So it is with great seriousness that I tell everyone I know, Evil Dead II should have made the AFI's list of the one hundred funniest American movies ever made. The film is a laugh riot. The glee with which director Sam Raimi tortures his entire cast is infectious, and this sense of humor simply bounces off the scream, er…screen. In addition to the movie being a love letter to the Three Stooges, Campbell and Raimi also pay tribute to the comedy of Harpo Marx. It is with these kind of references that this movie goes places that are completely unexpected, and it is a big part of the joy.
As a director, Sam Raimi is known for his kinetic camera, off-the-wall angles and strange point-of-view perspectives. All of these gifts are on ample display in this movie. There are images in this movie that stick in the memory and several that have been lifted by other filmmakers. One that certainly came to mind is when Ash's dead girlfriend raises herself from the grave and does a, literal, dance of death. After watching it, try going to Henry Selick's The Nightmare Before Christmas and watch Jack Skellington's dance and tell me Evil Dead II was not a major influence. With the impressive body of work Raimi has built since Evil Dead II, he is a director to be reckoned with. Speaking for myself, I am as giddy as a little girl waiting to see his film version of Columbia's upcoming Spider-Man.
The acting is of the "B"-movie level and that is just the way it is supposed to be. As Ash, a man who is none too bright but does not panic and make those fatal horror movie mistakes, is the great Bruce Campbell. Campbell is probably the best known of all cult actors and a lot of that reputation comes from Evil Dead II. He manages to be dim but calm at the same time. Also a masterful physical actor, Campbell does the greatest job of flipping himself over of any actor in cinema today. I also don't know of another actor who can make the image of a man chopping his own, possessed, hand off so cool and funny to boot. But cool he is, and so is his performance. Although to be fair, if Ash is not the brightest bulb in the box, the demons that he faces are also pretty stupid. Still, watching Campbell is always a joy and he is the center of attention here.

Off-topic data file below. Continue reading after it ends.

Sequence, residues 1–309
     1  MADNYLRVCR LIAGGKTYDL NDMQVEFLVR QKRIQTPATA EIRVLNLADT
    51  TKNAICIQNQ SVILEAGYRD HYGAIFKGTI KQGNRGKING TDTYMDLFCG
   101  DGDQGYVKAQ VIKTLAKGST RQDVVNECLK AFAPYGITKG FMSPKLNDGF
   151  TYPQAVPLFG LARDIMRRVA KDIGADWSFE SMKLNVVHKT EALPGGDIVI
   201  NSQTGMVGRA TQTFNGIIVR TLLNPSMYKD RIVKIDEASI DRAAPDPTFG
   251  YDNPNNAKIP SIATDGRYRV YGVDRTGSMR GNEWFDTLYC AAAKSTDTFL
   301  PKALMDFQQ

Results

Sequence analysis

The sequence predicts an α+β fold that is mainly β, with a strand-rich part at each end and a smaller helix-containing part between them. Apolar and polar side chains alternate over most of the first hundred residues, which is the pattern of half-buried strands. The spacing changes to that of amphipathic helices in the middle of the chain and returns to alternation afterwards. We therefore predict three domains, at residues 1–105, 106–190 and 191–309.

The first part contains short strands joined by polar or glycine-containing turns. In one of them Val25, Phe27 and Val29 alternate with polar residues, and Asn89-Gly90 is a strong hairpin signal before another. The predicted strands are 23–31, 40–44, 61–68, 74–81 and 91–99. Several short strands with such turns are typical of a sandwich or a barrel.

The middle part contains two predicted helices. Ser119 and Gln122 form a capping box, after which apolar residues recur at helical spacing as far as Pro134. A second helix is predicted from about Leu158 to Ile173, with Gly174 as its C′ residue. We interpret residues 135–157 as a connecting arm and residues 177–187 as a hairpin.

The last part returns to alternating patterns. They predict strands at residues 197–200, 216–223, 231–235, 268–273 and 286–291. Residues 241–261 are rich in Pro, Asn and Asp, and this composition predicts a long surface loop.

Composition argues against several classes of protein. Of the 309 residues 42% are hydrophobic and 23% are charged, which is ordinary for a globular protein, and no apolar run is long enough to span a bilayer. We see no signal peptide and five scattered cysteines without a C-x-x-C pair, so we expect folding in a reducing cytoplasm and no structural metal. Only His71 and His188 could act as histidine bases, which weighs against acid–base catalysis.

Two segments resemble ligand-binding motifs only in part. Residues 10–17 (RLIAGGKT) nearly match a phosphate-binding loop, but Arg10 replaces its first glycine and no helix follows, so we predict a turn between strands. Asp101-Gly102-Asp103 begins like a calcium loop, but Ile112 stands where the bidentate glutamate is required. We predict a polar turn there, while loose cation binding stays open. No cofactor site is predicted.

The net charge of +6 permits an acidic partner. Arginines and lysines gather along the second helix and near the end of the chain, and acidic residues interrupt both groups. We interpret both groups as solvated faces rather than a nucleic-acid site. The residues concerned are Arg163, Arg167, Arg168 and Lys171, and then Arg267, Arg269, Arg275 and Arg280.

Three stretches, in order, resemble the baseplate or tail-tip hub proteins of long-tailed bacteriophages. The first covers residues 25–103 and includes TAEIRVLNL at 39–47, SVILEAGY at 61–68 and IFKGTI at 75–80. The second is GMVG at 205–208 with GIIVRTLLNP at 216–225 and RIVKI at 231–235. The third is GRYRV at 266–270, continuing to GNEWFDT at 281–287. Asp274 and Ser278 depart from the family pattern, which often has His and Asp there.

Despite being a low budget affair, Evil Dead II does manage a number of special effects laden chills and laughs. The make-up and physical effects by Mark Shostrom, Mike Trcic, Shannon Shea, Howard Berger and Rick Catizone are all top notch, especially considering the lack of funds available. Special mention should also be made of the stop motion effects by Doug Bestwick. Loving care was given to these sequences and they stand as one of the joys of the movie as well being an affectionate nod to the previous film and to stop motion master Ray Harryhausen.